Proper inflation is the single most important part of tyre care, tyre pressure is not determined by the type of tyre or its size but upon your vehicle’s load and driving application i.e. speed.
To find out what your car’s tyre pressure should be, consult the manufacturer’s tyre placard usually found inside the driver’s door sill, glove box, fuel filler cap or under the bonnet. The placard also displays the manufacturers recommended tyre sizes.
Tyre pressures should be checked when the tyre is ‘cold’, as pressure increases as the tyre becomes ‘hot’. Take the “cold” reading and check them against the recommended tyre pressures from your placard. Heavy loads or towing puts an extra strain on your tyres.
So if your vehicle is fully loaded with passengers and luggage, the general rule is to add 28kpa (4PSI or 4lbs).
At high speed, (defined as driving at 120km/h for over one hour), your tyres will wear out twice as fast as when you drive at 70-80 km/h.
If your tyres are under-inflated by twenty per cent tyre life can be reduced by thirty per cent. The rule here is to add 28Kpa (4PSI) from your Minimum Compliance Plate Pressure.
Don’t inflate your tyres above 40 psi or 280 kPa. When the tyres get hot from driving, the pressure will increase even more.
It is crucial to know when it is okay to have a tyre repaired and when a tyre should be replaced.
If a tyre loses its air pressure, it must be removed from the wheel for a complete internal inspection to be sure it is not damaged.
Tyres that are run even a short distance while flat are often damaged beyond repair. Most punctures, nail holes or cuts up to 6 millimetres can be repaired by trained technicians as long as the damage is confined to the tread.
DO NOT repair tyres with tread punctures larger than 6 millimetres, or any sidewall puncture. Also, never repair tyres which are worn below the wear indicator bars that are located on your tyre, as they wouldn’t conform to New Zealand Land Transport Vehicle Standards.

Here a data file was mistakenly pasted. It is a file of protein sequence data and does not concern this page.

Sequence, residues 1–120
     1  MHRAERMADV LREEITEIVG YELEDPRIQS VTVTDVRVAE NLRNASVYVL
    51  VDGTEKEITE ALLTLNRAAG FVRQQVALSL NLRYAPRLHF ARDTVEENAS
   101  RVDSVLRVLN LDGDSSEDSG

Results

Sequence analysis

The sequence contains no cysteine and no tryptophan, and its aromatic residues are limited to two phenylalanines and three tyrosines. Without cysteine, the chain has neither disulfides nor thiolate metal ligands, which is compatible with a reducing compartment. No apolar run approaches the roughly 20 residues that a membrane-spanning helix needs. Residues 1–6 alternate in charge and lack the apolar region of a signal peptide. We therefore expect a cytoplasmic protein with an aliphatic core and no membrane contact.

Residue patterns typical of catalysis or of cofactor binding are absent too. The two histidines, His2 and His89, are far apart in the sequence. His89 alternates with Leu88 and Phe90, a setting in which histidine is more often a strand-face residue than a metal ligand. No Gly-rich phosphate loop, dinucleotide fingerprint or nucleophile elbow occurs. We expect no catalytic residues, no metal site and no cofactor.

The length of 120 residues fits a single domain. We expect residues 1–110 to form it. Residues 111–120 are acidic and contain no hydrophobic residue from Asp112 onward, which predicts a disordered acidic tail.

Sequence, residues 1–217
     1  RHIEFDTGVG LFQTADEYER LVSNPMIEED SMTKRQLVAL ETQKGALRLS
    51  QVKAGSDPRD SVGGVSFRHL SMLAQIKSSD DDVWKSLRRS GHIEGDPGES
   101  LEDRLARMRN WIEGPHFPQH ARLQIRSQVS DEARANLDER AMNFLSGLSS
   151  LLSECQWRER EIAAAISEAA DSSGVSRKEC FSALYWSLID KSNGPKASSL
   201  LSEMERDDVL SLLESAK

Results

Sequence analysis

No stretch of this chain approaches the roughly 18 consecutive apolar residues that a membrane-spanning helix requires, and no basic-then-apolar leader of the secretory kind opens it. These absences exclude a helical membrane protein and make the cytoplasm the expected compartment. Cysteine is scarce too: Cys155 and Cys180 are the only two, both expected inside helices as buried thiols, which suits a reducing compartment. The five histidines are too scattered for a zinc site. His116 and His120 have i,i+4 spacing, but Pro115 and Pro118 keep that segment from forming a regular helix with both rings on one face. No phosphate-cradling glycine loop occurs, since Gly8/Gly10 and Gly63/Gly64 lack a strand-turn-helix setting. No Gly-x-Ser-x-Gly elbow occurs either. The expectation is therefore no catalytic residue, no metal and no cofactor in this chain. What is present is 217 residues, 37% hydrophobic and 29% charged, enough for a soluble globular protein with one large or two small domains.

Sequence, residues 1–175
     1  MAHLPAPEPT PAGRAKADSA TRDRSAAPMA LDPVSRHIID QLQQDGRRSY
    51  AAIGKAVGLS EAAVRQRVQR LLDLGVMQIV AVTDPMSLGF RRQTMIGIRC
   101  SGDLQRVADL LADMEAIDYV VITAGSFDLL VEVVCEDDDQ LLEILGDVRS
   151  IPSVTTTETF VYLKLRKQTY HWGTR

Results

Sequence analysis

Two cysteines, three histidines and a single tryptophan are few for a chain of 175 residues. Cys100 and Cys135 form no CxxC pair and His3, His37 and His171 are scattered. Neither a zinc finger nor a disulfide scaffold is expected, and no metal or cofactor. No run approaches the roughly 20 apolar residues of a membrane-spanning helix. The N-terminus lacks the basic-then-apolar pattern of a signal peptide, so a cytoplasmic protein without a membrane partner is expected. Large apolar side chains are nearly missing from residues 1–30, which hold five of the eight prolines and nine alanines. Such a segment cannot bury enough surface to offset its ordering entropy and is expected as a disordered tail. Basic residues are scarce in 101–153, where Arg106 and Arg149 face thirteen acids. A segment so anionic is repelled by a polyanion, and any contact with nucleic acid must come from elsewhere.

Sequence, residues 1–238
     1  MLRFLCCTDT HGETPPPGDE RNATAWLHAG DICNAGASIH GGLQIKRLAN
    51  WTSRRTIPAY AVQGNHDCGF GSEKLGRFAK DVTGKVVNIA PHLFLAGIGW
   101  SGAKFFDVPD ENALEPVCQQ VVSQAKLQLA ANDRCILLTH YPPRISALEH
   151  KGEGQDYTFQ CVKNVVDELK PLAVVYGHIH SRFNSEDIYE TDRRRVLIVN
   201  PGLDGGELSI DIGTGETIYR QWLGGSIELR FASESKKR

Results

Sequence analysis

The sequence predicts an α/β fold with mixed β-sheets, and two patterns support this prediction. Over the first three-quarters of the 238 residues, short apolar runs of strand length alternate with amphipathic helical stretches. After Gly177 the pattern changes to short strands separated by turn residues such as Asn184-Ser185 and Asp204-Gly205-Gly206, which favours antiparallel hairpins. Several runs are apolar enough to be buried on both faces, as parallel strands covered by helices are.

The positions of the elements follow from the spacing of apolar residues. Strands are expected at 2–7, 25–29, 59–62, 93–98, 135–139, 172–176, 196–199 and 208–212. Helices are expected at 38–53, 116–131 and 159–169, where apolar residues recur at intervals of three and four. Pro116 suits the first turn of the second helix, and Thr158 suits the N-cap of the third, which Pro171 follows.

All tyre repairs should be handled by trained professionals. Your best bet is to keep a good spare tyre in your boot.
Be sure that the spare is inflated to the proper pressure and adheres to New Zealand Land Transport Vehicle Standards.
When any problems with your tyres occur, head to Simpsons Tyres and Autocare for expert service from our trained technicians.
The weight of a vehicle is not evenly distributed to all four car tyres.
Therefore, regular rotation is necessary to maintain even tread wear and get the most out of your tyres. There are several methods of rotation.
For all-season tyres and most vehicles on the road, tyres from the rear axle are moved to the drive axle and crossed to opposite sides of the vehicle.
The tyres from the front axle are moved to the rear, but remain on the same sides. This is known as the ‘modified X’ pattern.
For 4WD vehicles, it is recommended to switch all four tyres, both from side-to-side and in axle position. Check your owner’s manual for the manufacturer’s rotation recommendations. If no rotation period is specified, tyres should be adjusted every 10,000 km’s.
4WD tyres may require rotation as soon as every 4,000 km’s. The first rotation of your tyres is the most important, and be sure to remember to adjust inflation pressures to the vehicle manufacturer’s recommendations after every rotation.
Here at Simpsons Tyres and Autocare can schedule a rotation for your vehicle at any time.
When the shoulder of the tread on one side of a tyre wears faster than the adjacent tread surface, this can result from a variety of conditions, such as front and/or rear misalignment (example, toe or camber), lose or worn suspension components, hard cornering, improper tyre rotation practices, misapplication, high crown roads or non-uniform mounting.